Probing Natural Language Inference Models through Semantic Fragments

09/16/2019 ∙ by Kyle Richardson, et al. ∙ 0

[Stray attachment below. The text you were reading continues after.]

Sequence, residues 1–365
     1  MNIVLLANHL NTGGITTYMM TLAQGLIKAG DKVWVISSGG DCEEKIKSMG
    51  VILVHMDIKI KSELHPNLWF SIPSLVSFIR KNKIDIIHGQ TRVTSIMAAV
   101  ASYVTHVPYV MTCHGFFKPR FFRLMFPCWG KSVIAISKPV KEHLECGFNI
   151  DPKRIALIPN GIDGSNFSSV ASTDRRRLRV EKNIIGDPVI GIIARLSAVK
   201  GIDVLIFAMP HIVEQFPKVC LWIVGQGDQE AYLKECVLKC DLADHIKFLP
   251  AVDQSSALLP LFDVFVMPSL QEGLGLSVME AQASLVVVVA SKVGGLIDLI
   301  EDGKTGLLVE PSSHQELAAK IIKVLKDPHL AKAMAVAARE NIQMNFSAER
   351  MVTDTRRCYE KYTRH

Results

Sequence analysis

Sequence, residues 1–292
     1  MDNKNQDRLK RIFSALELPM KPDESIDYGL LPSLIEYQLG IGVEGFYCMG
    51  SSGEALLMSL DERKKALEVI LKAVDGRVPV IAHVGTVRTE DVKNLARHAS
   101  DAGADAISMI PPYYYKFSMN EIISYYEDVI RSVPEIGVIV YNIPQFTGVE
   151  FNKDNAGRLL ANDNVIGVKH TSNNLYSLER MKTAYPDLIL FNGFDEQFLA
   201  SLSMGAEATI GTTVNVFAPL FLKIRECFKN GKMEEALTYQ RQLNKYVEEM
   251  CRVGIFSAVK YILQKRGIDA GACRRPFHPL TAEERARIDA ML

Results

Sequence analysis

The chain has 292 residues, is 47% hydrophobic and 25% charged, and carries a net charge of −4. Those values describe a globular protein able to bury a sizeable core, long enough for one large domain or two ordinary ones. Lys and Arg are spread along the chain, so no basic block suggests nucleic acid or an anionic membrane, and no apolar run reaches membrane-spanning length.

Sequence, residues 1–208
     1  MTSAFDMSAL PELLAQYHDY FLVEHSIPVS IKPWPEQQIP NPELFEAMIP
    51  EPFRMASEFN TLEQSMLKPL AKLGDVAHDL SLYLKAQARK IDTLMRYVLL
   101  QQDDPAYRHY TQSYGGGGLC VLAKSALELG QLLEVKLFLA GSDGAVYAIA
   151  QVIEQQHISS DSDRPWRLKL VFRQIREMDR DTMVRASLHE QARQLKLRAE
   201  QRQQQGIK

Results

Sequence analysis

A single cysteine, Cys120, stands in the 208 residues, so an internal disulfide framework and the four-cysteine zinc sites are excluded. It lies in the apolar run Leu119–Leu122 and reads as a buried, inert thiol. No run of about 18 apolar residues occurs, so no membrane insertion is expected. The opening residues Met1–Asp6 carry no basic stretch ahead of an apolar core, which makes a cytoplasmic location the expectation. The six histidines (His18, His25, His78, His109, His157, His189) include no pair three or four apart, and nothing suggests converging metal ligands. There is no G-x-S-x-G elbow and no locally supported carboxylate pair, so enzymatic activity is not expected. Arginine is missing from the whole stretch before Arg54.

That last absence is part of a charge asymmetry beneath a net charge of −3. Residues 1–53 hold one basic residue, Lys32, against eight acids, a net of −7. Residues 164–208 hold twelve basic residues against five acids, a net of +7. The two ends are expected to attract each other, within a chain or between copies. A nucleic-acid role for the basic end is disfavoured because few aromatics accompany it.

Do state-of-the-art models for language understanding already have, or can they easily learn, abilities such as boolean coordination, quantification, conditionals, comparatives, and monotonicity reasoning (i.e., reasoning about word substitutions in sentential contexts)? While such phenomena are involved in natural language inference (NLI) and go beyond basic linguistic understanding, it is unclear the extent to which they are captured in existing NLI benchmarks and effectively learned by models. To investigate this, we propose the use of semantic fragments---systematically generated datasets that each target a different semantic phenomenon---for probing, and efficiently improving, such capabilities of linguistic models. This approach to creating challenge datasets allows direct control over the semantic diversity and complexity of the targeted linguistic phenomena, and results in a more precise characterization of a model's linguistic behavior. Our experiments, using a library of 8 such semantic fragments, reveal two remarkable findings: (a) State-of-the-art models, including BERT, that are pre-trained on existing NLI benchmark datasets perform poorly on these new fragments, even though the phenomena probed here are central to the NLI task. (b) On the other hand, with only a few minutes of additional fine-tuning---with a carefully selected learning rate and a novel variation of "inoculation"---a BERT-based model can master all of these logic and monotonicity fragments while retaining its performance on established NLI benchmarks.

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